The following is a guest post from AARP entertainment producer Steve Mencher.
Walk by the Washington D. C. Metro station at Gallery Place some evening and you might be lucky enough to see and hear a young percussionist or maybe a band of two or three, banging on white paint buckets suspended on orange traffic cones.
Their syncopated rhythms land heavily on the 2 and 4. And the voice and horns that are the imaginary subtext for this simple musical performance are based on the go-go sounds that are Washington’s main contribution to the world of music since Duke Ellington moved to New York.
The Godfather of Go-Go, Chuck Brown, died Wednesday in Baltimore at the age of 75. If you haven’t heard of him, it’s because he never became a huge star, even as his sophisticated brand of funk transformed the music of the 1970s and beyond.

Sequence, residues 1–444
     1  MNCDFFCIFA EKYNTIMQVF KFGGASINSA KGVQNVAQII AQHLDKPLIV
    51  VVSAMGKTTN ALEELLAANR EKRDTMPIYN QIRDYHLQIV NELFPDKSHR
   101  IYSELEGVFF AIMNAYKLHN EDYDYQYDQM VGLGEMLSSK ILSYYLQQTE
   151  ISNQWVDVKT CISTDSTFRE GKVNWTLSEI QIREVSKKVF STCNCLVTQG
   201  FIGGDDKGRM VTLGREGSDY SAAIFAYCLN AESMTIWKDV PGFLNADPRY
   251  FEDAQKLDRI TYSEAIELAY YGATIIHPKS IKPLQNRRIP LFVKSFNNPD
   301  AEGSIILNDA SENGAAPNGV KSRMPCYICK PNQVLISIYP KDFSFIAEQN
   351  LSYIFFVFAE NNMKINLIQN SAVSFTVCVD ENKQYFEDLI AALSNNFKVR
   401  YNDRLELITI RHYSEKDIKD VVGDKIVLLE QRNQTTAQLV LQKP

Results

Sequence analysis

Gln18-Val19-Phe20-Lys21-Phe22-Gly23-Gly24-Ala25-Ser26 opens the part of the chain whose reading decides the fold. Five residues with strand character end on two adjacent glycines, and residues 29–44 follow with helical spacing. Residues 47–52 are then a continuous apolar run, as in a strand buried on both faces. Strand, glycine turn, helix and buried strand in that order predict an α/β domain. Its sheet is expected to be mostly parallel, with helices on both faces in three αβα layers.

The double CD — The Best of Chuck Brown — might be a good place to start getting to know Brown. If you can keep your seat while listening to “Blow Your Whistle” or “Bustin’ Loose” then remember to ask your doctor to search for a pulse at your next checkup. And his unique spin on “It Don’t Mean a Thing (If It Ain’t Got That (Go-Go) Swing)” slyly states debt to the jazz and swing his music took off from and built upon.
Chuck was no relation to soul superstar James Brown, who was nevertheless on the D.C. legend’s mind as he started to develop his signature sound in the 1960s.
“I wanted a sound of my own. Like James Brown had,” Chuck Brown told the Wall Street Journal’s Jim Fusilli in 2010. “We used to do R&B before go-go . We’d do 15, 20 songs a night… But with go-go, nobody wanted us to stop. We’d just keep jumping into another tune. It’s go-go because it don’t stop.”
As D.C. mayor Vincent Gray told the Associated Press Wednesday: “Go-go is D.C.’s very own unique contribution to the world of pop music. Today is a very sad day for music lovers the world over.”
Photo: Gogo drummer, Washington DC, 2009, by Flickr user Steve Snodgrass.